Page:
We entered the barracks, picked out a spot on the lower floor of the building, put down our bags and sat on them while our TI briefed us on things to come in the next 13 weeks. His first words on entering the building, after taking a long look at the group, a prolonged look at each man, some of the looks prolonged to the point of nervousness on the individual’s part. After staring at each trainee, his gaze returned to me, and he held that gaze while he said “Well, you look like a pretty good group—with a few exceptions.”

As one might expect, I took that to mean that I would find some obstacles in the road ahead—and I did. However, although I took some pretty hard hits none stopped me—I encountered rocks frequently in the 13 weeks, but one by one I conquered them by ignoring them, climbing over them or going around them. I graduated successfully in spite of being one of a few exceptions. At the end of the 13 weeks I proudly sewed on the single stripes of a Private First Class in the world’s greatest air force, a promotion after only 13 weeks in service! I accepted my pay raise of $2.50 a month, making my total compensation a whopping $75 per month and left for home, with a ten-day delay authorized while en route to technical training at Chanute Air Force Base at Rantoul, Illinois.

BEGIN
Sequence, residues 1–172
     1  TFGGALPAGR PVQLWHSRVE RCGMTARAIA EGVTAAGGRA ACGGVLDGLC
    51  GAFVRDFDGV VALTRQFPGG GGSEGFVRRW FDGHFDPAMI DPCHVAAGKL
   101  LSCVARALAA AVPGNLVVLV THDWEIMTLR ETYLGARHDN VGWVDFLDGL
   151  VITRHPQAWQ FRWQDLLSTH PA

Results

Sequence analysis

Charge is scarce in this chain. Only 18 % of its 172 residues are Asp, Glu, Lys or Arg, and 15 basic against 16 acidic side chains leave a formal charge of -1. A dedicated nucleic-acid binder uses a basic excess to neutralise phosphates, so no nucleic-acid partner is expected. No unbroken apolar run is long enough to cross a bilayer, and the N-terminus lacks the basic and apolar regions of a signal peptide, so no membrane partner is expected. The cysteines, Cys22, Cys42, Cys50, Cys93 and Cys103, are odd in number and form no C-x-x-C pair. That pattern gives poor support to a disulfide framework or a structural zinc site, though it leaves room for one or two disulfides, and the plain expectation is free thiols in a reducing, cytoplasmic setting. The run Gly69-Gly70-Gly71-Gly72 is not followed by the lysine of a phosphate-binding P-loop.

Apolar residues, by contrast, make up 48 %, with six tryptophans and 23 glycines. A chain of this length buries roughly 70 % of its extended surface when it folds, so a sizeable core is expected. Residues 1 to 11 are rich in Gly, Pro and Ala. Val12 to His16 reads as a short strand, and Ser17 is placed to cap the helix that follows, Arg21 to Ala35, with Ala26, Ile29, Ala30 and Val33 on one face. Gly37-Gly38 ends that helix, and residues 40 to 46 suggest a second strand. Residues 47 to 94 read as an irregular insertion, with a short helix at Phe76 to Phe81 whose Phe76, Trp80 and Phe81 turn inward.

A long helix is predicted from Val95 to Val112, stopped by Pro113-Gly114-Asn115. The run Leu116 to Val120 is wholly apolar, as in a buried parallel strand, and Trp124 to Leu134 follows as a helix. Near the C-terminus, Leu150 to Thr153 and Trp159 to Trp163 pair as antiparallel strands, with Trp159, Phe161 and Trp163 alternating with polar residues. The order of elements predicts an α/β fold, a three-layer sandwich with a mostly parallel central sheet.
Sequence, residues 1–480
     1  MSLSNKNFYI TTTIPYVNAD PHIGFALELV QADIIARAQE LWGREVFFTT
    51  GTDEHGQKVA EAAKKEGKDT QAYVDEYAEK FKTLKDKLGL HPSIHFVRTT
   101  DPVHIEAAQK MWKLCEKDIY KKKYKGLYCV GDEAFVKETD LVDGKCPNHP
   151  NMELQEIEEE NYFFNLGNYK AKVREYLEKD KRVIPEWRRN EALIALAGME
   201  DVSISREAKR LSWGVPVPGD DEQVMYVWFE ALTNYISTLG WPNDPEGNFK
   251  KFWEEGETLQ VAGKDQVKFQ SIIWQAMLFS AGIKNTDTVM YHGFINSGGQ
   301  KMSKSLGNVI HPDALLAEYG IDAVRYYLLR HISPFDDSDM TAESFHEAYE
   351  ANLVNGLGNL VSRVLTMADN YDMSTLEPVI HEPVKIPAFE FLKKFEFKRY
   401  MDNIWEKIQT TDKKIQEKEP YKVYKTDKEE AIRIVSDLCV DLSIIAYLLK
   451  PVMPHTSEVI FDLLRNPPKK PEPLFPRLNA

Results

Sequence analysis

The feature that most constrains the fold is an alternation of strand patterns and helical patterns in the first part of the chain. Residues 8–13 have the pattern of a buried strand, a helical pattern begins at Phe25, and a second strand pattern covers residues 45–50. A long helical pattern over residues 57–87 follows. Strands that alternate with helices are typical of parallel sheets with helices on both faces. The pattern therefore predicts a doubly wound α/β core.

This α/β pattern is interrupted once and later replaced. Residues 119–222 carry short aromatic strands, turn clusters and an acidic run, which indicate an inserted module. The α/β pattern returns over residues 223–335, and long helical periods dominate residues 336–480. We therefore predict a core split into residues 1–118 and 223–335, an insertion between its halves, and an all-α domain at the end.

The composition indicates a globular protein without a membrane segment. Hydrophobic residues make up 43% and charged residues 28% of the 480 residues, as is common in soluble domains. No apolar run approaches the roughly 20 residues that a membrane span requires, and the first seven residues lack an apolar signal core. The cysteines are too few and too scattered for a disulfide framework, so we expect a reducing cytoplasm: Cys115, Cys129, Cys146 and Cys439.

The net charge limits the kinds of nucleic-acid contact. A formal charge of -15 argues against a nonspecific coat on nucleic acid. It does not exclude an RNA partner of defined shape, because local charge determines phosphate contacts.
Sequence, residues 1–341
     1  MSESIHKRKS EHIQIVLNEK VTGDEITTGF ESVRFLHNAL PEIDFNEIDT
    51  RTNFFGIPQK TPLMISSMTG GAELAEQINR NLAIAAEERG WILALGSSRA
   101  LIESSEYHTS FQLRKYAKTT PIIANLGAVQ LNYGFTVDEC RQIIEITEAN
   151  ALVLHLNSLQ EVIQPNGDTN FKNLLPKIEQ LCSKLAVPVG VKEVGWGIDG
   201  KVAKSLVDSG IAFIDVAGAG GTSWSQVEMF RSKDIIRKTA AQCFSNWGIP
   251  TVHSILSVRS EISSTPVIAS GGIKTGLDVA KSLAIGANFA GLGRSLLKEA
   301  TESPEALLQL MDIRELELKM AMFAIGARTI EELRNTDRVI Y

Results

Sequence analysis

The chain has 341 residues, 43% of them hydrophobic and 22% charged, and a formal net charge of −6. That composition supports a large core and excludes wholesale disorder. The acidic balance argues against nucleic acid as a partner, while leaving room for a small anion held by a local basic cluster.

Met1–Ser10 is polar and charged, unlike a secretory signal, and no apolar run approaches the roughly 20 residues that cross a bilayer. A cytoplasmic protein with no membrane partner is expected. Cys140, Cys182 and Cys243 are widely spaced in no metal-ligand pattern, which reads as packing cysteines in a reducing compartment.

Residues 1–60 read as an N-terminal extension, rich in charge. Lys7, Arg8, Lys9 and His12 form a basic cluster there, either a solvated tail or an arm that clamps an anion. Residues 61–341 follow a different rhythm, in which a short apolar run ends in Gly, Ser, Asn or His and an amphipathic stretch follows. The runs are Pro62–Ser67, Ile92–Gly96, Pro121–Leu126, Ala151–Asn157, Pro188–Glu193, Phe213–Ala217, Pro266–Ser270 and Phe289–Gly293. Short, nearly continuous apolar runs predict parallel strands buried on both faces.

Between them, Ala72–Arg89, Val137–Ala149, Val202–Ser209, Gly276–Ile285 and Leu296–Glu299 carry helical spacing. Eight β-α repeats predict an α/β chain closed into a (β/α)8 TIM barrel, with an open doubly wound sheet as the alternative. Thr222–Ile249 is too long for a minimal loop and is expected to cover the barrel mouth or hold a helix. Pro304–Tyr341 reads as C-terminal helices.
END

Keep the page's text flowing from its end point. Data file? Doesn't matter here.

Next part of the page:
Hey, don’t laugh about my salary! My food, lodging, clothing, cleaning, laundry, medical care and dental care were all free, and all I had to do was follow orders and say sir to everybody with more than one stripe. I was just 16 years old and I had the world by the tail with a downhill pull—a veritable bird’s nest on the ground. And I was no longer under the watchful eye of a certain Salvation Army captain, the duly empowered truant officer in my small Mississippi town. I was free at last, and all I had to do was  go to places such as Japan and Korea and Germany and Vietnam whenever I was told to go—I figured that was not too bad a deal, except when wars were being fought in such places. Since none were being fought at the time, I felt little concern about future wars—perhaps I should have, but I didn’t.

I’ll get back to you later with more details.

 
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Posted by on April 6, 2010 in Humor, Military, Travel, wartime, Writing

 

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Quickies, cashews and conjugations . . .